Min weekday wage is $19.40
    Check your facts!

    No they got a $19.40 increase per week not an increase to $19.40 per hour.

    http://www.fairwork.gov.au/pay/national-minimum-wage/pages/default.aspx

    Thats the Australian Government Fairwork Ombudsman website. It states "Australia's minimum wage is $15.51 per hour". Check your facts.

  • rate this
    -7

    Comment number 133.

    @128 Cosmologic

    It doesn't matter if it's less than the rate of inflation. The fact is that if the employer could financially justify employing people at the previous rate, but simply cannot financially justify employing people at the new rate, then those people are going to become unemployed. The minimum wage destroys jobs by pricing cheaper jobs out of existence - that's a fact you can't deny.

  • rate this
    +2

    Comment number 132.

    Minimum wage @ £6.08 per hour = £243.20 a week/£972.80 a month/£11,673.60 per annum before deductions.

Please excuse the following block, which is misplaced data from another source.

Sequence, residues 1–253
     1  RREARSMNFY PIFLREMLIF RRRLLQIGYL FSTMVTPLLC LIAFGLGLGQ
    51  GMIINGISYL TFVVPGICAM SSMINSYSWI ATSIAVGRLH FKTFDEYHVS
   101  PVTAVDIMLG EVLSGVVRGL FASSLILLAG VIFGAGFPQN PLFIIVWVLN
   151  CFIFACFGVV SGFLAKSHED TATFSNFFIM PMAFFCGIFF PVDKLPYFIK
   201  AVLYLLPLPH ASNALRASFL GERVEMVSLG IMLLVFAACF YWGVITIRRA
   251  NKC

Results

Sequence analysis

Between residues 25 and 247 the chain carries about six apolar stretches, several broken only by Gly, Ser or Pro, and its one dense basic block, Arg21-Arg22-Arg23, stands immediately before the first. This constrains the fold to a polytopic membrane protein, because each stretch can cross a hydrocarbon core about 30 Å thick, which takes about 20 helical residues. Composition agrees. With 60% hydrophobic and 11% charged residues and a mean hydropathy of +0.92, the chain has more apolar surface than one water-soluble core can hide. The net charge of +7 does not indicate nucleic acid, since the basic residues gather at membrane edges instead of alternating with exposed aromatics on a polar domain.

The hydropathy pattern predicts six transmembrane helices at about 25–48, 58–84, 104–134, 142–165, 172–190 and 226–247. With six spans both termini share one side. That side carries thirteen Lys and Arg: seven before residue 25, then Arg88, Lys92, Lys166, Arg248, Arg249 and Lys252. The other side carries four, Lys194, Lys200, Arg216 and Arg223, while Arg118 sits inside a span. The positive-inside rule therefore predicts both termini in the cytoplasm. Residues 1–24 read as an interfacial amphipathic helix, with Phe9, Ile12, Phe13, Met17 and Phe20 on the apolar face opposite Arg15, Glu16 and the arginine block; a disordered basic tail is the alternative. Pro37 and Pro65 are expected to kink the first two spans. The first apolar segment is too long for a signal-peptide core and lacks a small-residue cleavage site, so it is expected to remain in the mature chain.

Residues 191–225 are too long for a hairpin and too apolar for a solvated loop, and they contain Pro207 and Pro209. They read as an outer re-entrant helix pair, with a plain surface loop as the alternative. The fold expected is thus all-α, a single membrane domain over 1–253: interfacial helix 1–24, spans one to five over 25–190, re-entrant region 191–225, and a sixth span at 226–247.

• rate this
    +1

    Comment number 131.

    Increase in the minimum wage is always welcomed, but like a lot of People here have stated there are still people earning lower than MW, for example I spoke to cab driver the other week who is paid on 40% commission he took home £28 for 9 hr shift although he never had a lot of fares he still sit in his cab for 9hrs? I expect their are a lot of people in the same predicament!

  • rate this
    -2

    Comment number 130.

    Mikey twigge 123,....... As easy as that eh!, perhaps if people were made to work for no wages at all this would help the small buisnesses, what a wonderful idea, after you sir.

  • rate this
    -1

    Comment number 129.

    116.Rodders
    "Min wage Australia is $15.51 ph, ..."